Memorial Day remarks as presented by U.S. Ambassador to the Netherlands Fay Hartog-Levin at the Netherlands American Cemetery and Memorial Margraten

Your Majesty, Secretary Shinseki and members of the Presidential delegation, Minister van Middelkoop, Admiral Harris, Minister Verhagen, Queen's Commissioner for the Province of Limburg, Mayor of Margraten, Superintendent Yasenchak, excellencies, distinguished guests;

I would also like to acknowledge a WWII veteran who is here today, Charles Payne, a member of the U.S. Presidential Delegation and great uncle of President Obama, and the families of the service men and women of those resting here, thank you for being with us on this very special occasion.

Good afternoon. I am deeply honored to be here today. And immensely proud, as an American and as the daughter of Dutch parents.

Standing here on this hallowed ground, on this special day, I am aware that this is only one of many places around the world where our brave men and women have come to rest after fighting and dying for their countries.

From the beginning of our history as a nation, our two countries have stood together for liberty and against oppression.

In 1776, on the Dutch island of St. Eustatius in the Caribbean, Holland openly supported America in its fight for independence, in defiance of England, one of the most powerful forces in Europe.

When an American ship entered the harbor under our new flag, the island's governor, Johan de Graaff, acknowledged her with an eleven shot salute from the fort. That was the very first recorded salute given to the American flag.

From that small Caribbean island in the 18th century to the mountains of Afghanistan today, we have worked side by side to uphold our shared values and sustain our common vision.

Achieving these goals is not always quick or easy.

It requires sustained effort from our leaders, our diplomats and, all too often, from our militaries. Even today, thousands of our men and women in uniform still endure harsh and dangerous conditions, and separation from their families, in pursuit of the common good.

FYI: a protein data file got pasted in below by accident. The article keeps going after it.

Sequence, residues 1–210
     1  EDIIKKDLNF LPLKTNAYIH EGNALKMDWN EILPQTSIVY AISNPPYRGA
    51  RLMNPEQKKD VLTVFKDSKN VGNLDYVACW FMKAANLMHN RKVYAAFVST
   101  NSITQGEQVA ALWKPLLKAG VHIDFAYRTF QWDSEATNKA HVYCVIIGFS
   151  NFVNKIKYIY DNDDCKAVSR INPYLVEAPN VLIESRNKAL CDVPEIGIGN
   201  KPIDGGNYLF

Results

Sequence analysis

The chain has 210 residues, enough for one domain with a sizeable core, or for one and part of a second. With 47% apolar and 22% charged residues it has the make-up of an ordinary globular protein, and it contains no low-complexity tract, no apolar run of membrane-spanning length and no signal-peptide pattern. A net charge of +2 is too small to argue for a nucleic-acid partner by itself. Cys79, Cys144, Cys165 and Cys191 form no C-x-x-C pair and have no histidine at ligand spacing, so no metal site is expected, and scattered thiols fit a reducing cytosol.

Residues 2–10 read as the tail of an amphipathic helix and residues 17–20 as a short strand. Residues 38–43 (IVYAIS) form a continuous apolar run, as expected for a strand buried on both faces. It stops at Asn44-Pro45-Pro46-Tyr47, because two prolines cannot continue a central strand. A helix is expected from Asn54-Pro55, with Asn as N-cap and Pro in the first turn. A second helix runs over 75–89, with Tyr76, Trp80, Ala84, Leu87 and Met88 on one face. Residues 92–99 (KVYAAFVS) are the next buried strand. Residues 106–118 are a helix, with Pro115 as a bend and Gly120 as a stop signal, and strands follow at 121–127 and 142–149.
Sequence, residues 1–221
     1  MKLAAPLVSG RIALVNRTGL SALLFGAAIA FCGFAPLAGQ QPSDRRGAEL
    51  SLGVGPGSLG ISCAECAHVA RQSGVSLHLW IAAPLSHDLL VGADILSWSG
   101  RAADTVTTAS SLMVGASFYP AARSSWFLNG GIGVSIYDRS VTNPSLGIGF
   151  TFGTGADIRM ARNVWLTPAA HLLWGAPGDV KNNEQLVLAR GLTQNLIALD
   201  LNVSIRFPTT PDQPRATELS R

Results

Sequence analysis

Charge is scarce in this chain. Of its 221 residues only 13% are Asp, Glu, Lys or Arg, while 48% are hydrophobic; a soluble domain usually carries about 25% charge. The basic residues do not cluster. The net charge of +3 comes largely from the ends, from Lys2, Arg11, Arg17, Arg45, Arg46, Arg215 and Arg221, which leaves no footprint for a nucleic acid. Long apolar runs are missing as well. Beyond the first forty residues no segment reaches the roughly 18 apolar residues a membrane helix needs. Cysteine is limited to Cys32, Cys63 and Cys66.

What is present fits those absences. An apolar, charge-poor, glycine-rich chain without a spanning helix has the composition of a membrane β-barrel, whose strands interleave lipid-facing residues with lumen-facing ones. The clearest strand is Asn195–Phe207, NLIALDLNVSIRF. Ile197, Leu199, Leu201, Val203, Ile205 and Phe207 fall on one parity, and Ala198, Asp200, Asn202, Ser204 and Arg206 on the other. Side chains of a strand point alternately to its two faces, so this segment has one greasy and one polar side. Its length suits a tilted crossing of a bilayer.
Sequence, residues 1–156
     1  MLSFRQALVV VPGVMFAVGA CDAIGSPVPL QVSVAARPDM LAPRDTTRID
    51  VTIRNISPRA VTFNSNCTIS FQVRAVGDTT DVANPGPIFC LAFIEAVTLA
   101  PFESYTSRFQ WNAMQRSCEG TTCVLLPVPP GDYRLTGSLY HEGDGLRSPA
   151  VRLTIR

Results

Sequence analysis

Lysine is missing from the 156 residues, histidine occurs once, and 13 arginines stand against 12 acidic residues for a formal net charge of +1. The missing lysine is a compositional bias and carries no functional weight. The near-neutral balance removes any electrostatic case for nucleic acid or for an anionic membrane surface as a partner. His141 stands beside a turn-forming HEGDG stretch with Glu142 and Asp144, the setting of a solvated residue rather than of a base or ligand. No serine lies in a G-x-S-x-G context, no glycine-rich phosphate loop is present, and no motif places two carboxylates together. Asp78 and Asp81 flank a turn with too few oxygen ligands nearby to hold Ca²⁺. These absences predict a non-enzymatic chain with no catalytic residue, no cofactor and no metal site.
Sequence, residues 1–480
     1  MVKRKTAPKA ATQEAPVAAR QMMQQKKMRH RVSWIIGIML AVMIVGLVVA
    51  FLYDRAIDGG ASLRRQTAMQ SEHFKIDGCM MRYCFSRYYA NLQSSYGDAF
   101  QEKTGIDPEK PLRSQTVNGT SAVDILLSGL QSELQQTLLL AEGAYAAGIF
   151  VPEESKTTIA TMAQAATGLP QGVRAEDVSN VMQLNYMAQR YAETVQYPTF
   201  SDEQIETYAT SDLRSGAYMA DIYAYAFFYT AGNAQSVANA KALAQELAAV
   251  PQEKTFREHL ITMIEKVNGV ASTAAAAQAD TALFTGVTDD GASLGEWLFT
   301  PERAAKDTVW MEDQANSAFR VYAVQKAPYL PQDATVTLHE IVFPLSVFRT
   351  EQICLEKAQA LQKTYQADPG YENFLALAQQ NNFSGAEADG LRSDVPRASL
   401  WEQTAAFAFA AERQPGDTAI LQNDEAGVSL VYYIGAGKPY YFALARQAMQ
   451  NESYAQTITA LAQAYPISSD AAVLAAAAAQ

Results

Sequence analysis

Their continuing service and sacrifice have ensured that we live in freedom and democracy. As Ambassador, I am privileged to work closely with members of both the U.S. and Dutch military. Their commitment, intelligence and passion make me proud and deeply grateful.

This sense of gratitude binds our countries together. It extends across the centuries, to the men and women who gave their lives, to the families who lost them, and to all the people -- Dutch and American -- who sacrificed for the ideals that we still must defend today with all our might.

One of those valiant souls was First Lieutenant Wilma Vinsant from San Benito, Texas. The daughter of a doctor and a nurse, Wilma Vinsant enlisted in 1942 and quickly qualified for the Air Evacuation Nurse Corps.

After training, "Dolly," as she was known, was stationed in England, caring for injured soldiers evacuated from battle zones, including heavy combat regions near Munich and Frankfurt.

On April 14, 1945, Dolly had the day off. Nevertheless, she volunteered to cover for a friend.

Dolly’s commander was reluctant to agree as Dolly had already completed her hazardous-flight quota. Dolly insisted, and he approved her request "to make just one more trip."

That night, Dolly became one of the three women in the Army Nurse Corps killed by direct enemy action.

Dolly rests here in Margraten but continues to inspire other women to serve as bravely as she did. The Dolly Vinsant Flight Nurse of the Year Award is presented annually to a nurse who puts patient care above self, and volunteers at great personal risk to fly missions to help ill or injured military personnel.

Dolly’s story is extraordinary, in its courage and sacrifice, but it is not unique throughout our history.

Those buried here, and all those we honor today, call us to our greater commitment -- as public officials, private citizens, parents, sons and daughters.

The words of President Lincoln are as true today as when he delivered them 147 years ago in the bloodstained fields of Gettysburg:

“It is rather for us [the living] to be here dedicated to the great task remaining before us—that from these honored dead we take increased devotion to that cause for which they gave the last full measure of devotion—that we here highly resolve that these dead shall not have died in vain…”

We are humbled by their sacrifice. And we are grateful that they were willing to give their lives for our peace and freedom. We do not and will not forget them.

On behalf of the citizens of the USA, I would like to thank the Province and people of Limburg for their support and the care that you have provided to America's sons and daughters buried in Margraten. By preserving the dignity of their final resting place and supporting this commemoration, you have treated them as your own sons and daughters. And for that, we are forever grateful.

Thank you.